Direct payments from leaseholders in breach of their duty to pay service charge and who are being pursued by legal advisers, can cause a real headache for managing agents and their service charge and ground rent collection processes.
Brady Solicitors offer expert and practical advice on how to deal with leaseholders making direct settlement of service charge or ground rent arrears, after the debt has been passed to the legal team.
As a managing agent you will be all too familiar with the following scenario:
- A leaseholder fails to pay their ground rent and/or service charge;
- You issue a reminder for the outstanding arrears;
- No payment is made by the leaseholder, so you refer the collection of the arrears to your legal advisers;
- The leaseholder receives the legal letter and pays (usually without warning and by BACS) the arrears sum directly to you – but does not pay the legal fees.
Your freeholder or RMC/RTM client will not want to be held liable for the unpaid legal fees, so what is the best way to protect them from that costs liability?
If you accept direct payment from a leaseholder, this can constitute a waiver of the right to forfeit, which could be detrimental to a claim for costs.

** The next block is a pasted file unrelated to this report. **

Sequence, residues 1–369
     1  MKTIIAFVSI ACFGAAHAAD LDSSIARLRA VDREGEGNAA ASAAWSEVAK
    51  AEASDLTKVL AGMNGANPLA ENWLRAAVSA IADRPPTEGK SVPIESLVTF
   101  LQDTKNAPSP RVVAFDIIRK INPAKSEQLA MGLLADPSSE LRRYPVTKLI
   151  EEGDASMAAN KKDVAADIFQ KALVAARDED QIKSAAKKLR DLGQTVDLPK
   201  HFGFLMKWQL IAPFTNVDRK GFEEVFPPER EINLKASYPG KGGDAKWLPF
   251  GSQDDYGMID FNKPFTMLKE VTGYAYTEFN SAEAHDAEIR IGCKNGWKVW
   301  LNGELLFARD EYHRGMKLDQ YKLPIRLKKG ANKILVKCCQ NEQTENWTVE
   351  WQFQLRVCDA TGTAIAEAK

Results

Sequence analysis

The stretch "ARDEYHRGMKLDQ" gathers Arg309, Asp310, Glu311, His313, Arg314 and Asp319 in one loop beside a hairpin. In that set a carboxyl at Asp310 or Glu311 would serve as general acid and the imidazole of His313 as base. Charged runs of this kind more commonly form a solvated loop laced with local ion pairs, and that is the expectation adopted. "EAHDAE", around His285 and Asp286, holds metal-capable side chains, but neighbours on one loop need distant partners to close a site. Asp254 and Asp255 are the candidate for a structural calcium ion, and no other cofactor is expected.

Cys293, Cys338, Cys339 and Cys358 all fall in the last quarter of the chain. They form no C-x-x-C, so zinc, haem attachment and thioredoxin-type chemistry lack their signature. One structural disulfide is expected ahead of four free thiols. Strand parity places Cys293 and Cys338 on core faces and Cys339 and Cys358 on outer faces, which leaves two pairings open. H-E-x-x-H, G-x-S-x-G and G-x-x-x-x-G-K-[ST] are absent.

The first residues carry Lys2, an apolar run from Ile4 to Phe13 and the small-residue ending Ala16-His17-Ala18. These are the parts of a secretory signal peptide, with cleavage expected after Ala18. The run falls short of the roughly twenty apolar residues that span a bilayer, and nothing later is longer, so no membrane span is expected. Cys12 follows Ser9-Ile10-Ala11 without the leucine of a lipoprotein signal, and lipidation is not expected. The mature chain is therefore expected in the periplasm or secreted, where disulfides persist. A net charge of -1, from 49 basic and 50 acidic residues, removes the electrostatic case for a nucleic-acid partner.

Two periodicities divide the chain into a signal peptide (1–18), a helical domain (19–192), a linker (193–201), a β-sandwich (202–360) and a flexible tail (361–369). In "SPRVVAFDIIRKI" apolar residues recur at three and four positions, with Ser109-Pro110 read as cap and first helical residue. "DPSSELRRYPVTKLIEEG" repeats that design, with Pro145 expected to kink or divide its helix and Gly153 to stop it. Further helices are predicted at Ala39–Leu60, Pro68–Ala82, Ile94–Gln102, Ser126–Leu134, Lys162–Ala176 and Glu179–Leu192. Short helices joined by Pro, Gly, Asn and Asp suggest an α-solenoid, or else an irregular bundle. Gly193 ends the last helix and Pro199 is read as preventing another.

Acceptance of the payment should therefore be strictly avoided.
However, no agent would want to return a payment that has been chased for so long! Furthermore, some judges will not look favourably on the payment being returned to the leaseholder only for proceedings to continue.
The best steps in most cases are therefore as follows:
- Brady Solicitors offers expert advice on leaseholders making direct settlement of service charges or ground rent arrears after the debt has been passed.
- Tell the leaseholder (or instruct your legal advisors to do so) that the payment will be held in a suspense account and will not be accepted until all proceedings (including any forfeiture proceedings) in respect of the debt have concluded.
- Hold the payment in a suspense account pending the conclusion of the claim.
- Check if the leaseholder has sent any correspondence referring to the payment. If there is correspondence which refers to the payment being tendered in full and final settlement careful consideration needs to be given as to whether to accept the payment or even hold in a suspense account. In those circumstances you may wish to return the payment. Legal advice should be sought on these occasions.
On a practical note, we would recommend that you carry out bank reconciliations as frequently as possible as the sooner direct payments are spotted, the less likely abortive legal costs are to incur.
The way to deal with direct payments can differ, depending on the circumstances. The golden rule is to inform your legal advisers as soon as possible after you are aware of a direct payment having been made.
The right to claim costs is not necessarily lost on the leaseholder having made a direct payment net of legal costs as long as the correct steps are taken.